WW presents "Distant Voices," a daily video interview for the era of social distancing. Our reporters are asking Portlanders what they're doing during quarantine.
When protests erupted in cities across the United States last week, Mitchell S. Jackson had already spent a year consumed by an older instance of civil unrest in America.
It's consumed his life: Since quarantine started, Jackson, 44, spends up to 10 hours per day at his computer. Most nights, he doesn't call it quits until 4:30 in the morning, if not later.
Then, starting last week, many of the scenes he'd been reading and writing about started to replay on his television screen—some just outside his window.
"Everything is the same," says Jackson. "They were flipping over police cars. There was a long stretch in Watts where they burned down every store there, and they called it Charcoal Alley. It got militarized—they called in the National Guard after the second day."
One difference between then and now? It's not just African Americans taking to the street.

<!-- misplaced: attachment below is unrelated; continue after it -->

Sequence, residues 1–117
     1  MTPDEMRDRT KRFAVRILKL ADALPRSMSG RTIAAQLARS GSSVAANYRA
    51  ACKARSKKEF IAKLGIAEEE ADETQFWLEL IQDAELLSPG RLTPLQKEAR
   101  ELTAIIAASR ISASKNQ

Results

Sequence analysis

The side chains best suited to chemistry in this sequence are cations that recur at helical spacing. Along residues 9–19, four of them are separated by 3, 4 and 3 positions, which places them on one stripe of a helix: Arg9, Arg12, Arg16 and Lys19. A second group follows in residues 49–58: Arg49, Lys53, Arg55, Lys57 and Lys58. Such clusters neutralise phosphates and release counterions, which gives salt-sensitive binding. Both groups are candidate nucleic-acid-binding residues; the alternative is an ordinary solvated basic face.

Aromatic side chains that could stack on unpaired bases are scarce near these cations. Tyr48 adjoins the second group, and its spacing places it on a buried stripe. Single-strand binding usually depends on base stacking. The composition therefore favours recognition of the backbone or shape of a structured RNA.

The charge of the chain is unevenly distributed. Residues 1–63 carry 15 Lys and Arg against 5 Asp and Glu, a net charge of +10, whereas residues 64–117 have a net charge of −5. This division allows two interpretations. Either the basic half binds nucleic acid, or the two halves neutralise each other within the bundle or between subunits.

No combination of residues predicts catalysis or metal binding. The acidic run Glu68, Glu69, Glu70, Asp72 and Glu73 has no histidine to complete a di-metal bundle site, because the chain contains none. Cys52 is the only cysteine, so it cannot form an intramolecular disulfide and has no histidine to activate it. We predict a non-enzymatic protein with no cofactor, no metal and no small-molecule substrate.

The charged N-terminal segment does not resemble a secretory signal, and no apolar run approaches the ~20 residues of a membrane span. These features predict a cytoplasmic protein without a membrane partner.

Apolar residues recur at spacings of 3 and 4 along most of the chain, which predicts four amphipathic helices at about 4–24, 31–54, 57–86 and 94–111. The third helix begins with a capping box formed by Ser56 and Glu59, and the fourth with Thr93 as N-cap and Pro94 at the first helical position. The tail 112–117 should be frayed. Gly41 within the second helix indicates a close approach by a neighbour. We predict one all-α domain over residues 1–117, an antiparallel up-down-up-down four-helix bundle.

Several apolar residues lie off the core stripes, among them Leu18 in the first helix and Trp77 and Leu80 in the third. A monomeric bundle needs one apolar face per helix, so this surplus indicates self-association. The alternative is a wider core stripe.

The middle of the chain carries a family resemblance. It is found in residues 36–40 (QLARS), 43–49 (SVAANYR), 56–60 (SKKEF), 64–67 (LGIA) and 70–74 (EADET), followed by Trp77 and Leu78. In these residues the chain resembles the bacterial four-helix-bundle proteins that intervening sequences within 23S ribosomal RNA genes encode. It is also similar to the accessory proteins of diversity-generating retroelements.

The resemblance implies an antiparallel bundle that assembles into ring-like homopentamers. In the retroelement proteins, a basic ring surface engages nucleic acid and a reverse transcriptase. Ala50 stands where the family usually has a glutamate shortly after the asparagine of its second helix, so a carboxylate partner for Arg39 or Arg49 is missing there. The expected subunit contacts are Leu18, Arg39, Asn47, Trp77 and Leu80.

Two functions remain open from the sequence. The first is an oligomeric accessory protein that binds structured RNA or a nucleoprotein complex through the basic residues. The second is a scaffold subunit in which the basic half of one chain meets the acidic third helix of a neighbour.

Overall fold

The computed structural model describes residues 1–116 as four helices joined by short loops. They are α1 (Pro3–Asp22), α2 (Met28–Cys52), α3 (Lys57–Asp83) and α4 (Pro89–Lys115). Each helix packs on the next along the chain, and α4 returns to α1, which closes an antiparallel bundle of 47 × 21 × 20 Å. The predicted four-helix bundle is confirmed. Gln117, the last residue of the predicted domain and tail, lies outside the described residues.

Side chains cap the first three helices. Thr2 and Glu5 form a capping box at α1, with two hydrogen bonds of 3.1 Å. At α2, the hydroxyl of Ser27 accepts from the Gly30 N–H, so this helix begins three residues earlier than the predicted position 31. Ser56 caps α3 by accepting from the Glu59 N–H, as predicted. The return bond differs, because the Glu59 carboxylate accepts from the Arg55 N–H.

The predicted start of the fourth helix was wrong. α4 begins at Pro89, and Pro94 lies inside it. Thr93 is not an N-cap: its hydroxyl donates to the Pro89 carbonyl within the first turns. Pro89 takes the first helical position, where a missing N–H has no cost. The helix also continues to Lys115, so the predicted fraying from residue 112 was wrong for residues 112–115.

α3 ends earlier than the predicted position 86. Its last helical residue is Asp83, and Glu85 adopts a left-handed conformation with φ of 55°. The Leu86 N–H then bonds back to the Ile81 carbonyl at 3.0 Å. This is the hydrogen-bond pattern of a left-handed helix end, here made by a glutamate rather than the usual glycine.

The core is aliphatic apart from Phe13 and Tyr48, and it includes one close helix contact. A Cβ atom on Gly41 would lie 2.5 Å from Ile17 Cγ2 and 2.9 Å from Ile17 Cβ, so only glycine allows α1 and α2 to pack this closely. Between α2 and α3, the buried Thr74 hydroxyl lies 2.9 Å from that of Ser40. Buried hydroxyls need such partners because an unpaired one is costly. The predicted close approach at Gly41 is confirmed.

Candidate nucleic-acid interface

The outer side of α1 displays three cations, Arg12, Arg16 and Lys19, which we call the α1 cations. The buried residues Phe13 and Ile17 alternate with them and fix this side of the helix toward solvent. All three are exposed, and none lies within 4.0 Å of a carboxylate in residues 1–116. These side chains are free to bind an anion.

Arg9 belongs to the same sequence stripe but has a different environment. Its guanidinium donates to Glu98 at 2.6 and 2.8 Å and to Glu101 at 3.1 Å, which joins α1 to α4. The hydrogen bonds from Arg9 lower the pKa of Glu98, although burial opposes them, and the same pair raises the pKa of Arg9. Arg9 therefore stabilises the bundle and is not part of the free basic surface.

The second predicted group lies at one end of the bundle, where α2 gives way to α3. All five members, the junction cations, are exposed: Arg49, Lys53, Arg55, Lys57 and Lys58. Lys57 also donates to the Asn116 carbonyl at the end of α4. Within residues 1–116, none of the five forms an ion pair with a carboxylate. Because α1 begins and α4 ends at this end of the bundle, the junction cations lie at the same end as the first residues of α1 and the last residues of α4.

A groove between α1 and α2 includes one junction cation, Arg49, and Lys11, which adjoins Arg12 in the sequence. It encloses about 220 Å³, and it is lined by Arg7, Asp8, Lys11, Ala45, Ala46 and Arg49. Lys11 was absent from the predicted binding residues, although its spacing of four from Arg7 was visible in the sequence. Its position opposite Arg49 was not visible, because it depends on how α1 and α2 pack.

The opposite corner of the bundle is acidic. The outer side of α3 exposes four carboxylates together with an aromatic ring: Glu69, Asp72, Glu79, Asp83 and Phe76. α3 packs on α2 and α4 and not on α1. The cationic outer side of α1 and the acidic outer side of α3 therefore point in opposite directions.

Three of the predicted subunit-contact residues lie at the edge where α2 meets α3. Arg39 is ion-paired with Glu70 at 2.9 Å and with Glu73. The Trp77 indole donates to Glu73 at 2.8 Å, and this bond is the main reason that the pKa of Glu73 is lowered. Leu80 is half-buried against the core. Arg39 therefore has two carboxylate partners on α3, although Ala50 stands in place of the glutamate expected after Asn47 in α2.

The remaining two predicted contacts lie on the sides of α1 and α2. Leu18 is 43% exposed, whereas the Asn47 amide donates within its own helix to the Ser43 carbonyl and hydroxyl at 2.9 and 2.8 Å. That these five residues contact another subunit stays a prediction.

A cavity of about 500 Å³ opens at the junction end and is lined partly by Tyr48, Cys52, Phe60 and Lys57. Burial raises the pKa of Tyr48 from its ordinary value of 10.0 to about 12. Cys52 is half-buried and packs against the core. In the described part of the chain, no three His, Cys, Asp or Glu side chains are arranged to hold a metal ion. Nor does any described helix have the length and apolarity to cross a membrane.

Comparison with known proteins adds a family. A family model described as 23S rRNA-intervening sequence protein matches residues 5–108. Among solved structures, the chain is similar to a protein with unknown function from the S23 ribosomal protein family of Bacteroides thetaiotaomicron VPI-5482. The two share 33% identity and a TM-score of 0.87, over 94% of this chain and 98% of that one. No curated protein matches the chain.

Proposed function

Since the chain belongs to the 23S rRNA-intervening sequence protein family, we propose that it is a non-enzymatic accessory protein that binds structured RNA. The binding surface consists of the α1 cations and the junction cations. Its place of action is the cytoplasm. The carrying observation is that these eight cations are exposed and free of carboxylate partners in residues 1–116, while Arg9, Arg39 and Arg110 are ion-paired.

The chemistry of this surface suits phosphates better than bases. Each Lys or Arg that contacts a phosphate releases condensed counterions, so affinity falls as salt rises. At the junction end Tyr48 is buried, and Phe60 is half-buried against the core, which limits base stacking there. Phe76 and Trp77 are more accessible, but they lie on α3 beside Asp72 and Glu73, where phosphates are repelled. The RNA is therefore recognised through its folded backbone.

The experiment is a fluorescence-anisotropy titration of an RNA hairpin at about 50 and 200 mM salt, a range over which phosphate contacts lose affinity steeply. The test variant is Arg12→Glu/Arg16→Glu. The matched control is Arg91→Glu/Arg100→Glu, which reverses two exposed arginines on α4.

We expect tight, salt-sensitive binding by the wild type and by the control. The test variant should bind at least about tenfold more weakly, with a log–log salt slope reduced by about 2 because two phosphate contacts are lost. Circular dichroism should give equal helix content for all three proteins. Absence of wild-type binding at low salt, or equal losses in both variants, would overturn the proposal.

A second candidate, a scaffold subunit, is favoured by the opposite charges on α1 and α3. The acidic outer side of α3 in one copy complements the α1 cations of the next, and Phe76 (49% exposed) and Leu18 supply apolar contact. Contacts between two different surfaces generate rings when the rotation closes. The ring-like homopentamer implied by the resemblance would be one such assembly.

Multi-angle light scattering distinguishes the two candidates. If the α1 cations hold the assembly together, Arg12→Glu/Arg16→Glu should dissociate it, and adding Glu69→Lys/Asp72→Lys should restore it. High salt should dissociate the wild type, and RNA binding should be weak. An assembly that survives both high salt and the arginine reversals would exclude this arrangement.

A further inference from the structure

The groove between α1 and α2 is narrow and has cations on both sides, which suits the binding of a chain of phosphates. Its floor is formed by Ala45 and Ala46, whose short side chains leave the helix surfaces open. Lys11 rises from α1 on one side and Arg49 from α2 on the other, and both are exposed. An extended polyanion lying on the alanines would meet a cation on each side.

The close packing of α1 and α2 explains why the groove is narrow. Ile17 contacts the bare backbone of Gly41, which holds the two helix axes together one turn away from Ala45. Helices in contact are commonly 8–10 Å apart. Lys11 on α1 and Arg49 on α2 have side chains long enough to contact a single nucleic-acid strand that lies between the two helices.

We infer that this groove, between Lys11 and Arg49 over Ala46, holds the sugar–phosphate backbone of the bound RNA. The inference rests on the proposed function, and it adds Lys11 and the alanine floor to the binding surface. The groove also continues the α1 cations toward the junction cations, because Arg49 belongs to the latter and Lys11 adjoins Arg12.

He's been particularly heartened by the images he's seen coming out of his hometown—majority white crowds, literally putting their lives on the line in the midst of a pandemic to fight against racial injustice. That goes for both the peaceful demonstrations and the more destructive kind.
"I think you need both the people laying down on the Burnside Bridge and disrupting traffic, and someone who's actually putting a hurting on someone's economic prosperity," he says. "Because you need their attention."
Mitchell spoke to WW about his own experiences with Portland police, the connections between Black Lives Matter and the #MeToo movement, his very low expectations for a potential Joe Biden presidency, and what he sees as the successes of the protests so far—namely, that they've already caused Donald Trump to cower in a bunker.
See more Distant Voices interviews here.